Why external education gets top marks

    MOVING TRIBUTE: Year 10 Sackville students Isabelle Tolkien and Jake Elwood prepare to lay a wreath at the Menin Gate, Ypres.
    Extending children’s learning beyond the classroom can be hugely beneficial which is why Sackville School in Hildenborough ensures it is a core part of its curriculum. Head Teacher John Hewitt explains more . . .

    As a mixed ability school, Sackville offers an education which stimulates and challenges all of its students. Key to this are the opportunities we provide outside of the traditional learning environment of the classroom such as educational expeditions and theatre visits and when it comes to exam results we can see these inspiring trips really work.

    Earlier this month, some of our students travelled to Belgium to visit a number of historic battlefields. Our Year 9 GCSE history students had been studying World War 1 so the visit to places such as Ypres in Belgium and the Somme in France helped to really bring home the impact of warfare, both on the lives of the people it affected as well as on the landscape.

    Laying a wreath at the Menin Gate in Ypres during the moving Last Post ceremony is a memory which will always stay with the students who witnessed it.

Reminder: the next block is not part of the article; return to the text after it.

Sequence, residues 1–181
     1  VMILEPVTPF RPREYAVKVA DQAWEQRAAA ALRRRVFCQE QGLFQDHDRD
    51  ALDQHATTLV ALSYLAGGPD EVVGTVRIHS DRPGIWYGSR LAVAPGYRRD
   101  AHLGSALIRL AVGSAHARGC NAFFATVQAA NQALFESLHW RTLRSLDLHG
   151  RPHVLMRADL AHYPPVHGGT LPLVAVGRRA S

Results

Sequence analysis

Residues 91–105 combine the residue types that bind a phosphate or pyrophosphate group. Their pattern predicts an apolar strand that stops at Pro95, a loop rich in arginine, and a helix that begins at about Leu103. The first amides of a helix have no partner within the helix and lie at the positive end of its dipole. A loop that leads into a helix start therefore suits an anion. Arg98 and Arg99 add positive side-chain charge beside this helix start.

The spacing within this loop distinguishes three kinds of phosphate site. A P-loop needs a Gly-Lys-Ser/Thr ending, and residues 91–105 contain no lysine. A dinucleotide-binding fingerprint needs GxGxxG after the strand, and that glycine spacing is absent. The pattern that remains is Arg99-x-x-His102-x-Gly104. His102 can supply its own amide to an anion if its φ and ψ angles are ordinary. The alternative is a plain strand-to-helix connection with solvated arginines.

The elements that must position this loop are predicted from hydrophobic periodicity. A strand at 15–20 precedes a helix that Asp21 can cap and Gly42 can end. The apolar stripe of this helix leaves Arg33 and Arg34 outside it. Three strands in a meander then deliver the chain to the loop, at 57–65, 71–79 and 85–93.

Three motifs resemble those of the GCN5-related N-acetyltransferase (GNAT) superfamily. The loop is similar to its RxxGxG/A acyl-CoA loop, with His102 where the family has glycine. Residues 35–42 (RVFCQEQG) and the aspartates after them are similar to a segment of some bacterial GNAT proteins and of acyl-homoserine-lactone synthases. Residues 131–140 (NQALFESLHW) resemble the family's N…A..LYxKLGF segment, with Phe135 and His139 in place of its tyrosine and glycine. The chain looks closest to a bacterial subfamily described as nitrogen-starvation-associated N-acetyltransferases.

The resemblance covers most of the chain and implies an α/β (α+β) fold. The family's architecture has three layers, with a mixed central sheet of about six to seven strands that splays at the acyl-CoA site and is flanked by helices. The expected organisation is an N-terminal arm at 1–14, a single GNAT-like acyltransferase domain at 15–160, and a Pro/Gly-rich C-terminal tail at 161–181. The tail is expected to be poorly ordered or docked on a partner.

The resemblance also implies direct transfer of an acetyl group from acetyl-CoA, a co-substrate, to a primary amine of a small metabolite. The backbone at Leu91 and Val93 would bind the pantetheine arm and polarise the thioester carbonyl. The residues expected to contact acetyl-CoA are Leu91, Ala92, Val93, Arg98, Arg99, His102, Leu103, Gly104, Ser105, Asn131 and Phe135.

In addition to visiting these two famous sites, this year the itinerary was extended to include two other historic battlegrounds: Agincourt and Waterloo. The reason for this is because we believe that nothing can bring history alive like seeing the actual places where these well-documented historical events took place.

    Another recent trip our students enjoyed was to The Gielgud Theatre in London where they saw The Curious Coincidence of Maths in the Day Time, an inspirational and interactive maths lecture. The show explored concepts from the bestselling novel and play The Curious Incident of the Dog in the Night Time, by Mark Haddon, as well as some mathematical problems, using the set of the West End production.

    One of our Year 10 students, Nicholas Munro, commented in the essay he wrote about it: “The many mathematical references and details in the book offer the basis for what was a highly enjoyable and accessible set of short explanations and demonstrations delivered by some accomplished speakers.

    “All of them had clearly spent a wealth of time and effort tweaking their presentations to be pitched at an ideal level for the mostly pre-GCSE students in the audience.” Nicholas’ writing skills recently won him first prize in the 12-14 category at the West Kent Mind Awards.

    Of course nothing can replace quality teaching on a daily basis but as Nicholas’ words and accolade prove, it is also important to widen students’ horizons by supplementing and enhancing the curriculum with a programme of educational trips.